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No decoupling = no bass containment.

If you just did DD and GG, you would likely not hear much outside the theater in the mid or high frequencies but the bass is gonna resonate throughout the framing in the house. Decoupling doesn't add the much more to the build cost, IMO. Source the clips where you can and buy the hat track at a local commercial drywall supply house. Also think about Big's suggestion for the first layer being OSB instead of drywall. I wish I would have done that so I didn't have to keep measuring where the darn hat track was to screw anything down.

Also, don't forget to alter, reduce or eliminate any flanking path for sound. (HVAC duct work, can light holes (build can light boxes) and fully sealed electrical outlets and a massively heavy and gasketed entry door.

brain melt yet????
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post #5 of 11 Old 01-10-2014, 01:15 PM - Thread Starter
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Thanks for the response! Yes, it's starting to melt!! The more I think about it the more I think I should do clips and track on the walls as you and others suggest. I'm not able to decouple to actual wall so clips and hat channel with OSB/Drywall/GG is my best option. I think that will do a lot.

Now I do have 3 small windows in the room which I will be keeping in there. They are obviously nailed to the wall and I have no way of isolating them so would that be a major "leak point" and negate everything I'm trying to do?? The exterior wall build consists of 1" XPS foam, building paper and then Cement board siding. The windows are nailed through the foam into the wall studs. I do plan window treatments for light block and sound treatment at the least though.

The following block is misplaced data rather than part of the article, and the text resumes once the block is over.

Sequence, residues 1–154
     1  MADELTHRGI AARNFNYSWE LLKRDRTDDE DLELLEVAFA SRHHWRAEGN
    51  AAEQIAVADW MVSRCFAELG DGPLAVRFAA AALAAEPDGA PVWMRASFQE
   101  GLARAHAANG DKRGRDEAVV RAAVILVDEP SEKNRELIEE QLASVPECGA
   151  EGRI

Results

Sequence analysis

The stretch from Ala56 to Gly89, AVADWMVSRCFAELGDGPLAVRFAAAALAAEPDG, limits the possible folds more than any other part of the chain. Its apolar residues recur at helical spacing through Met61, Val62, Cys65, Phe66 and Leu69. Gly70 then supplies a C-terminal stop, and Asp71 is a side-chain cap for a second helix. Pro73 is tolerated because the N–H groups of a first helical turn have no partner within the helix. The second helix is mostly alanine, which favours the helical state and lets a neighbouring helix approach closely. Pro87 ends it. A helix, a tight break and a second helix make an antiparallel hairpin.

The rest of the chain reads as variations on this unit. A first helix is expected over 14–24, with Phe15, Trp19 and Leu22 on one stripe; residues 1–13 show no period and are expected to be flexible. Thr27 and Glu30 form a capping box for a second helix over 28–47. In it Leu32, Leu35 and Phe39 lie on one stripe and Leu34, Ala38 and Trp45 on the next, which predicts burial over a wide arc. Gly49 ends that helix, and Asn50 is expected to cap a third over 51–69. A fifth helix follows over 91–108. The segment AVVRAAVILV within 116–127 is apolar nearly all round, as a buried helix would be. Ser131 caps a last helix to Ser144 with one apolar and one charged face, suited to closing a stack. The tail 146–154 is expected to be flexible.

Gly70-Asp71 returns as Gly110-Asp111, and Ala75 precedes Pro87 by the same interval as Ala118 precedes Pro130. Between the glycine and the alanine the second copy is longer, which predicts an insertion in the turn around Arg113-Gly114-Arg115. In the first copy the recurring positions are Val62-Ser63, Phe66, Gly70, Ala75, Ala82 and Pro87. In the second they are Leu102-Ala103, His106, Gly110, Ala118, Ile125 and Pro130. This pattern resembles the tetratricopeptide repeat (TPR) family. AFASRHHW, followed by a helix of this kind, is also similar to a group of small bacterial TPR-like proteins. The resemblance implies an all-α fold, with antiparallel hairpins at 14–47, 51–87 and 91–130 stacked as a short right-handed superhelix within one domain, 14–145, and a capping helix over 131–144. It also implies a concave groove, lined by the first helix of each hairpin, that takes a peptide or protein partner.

About the floor, it's concrete, do I really need anything there? Or will carpet/pad be sufficient? There is no moisture barrier under the floor now but it is VERY dry, I have good drainage under the house. Never had any issues with moisture.

Hey, for the windows maybe I'll make some "interior shutters" out of 2 layers of 3/4" MDF and GG that I cover with fabric and just close them when needed...Light/Sound issues solved in one product!
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post #6 of 11 Old 01-10-2014, 02:52 PM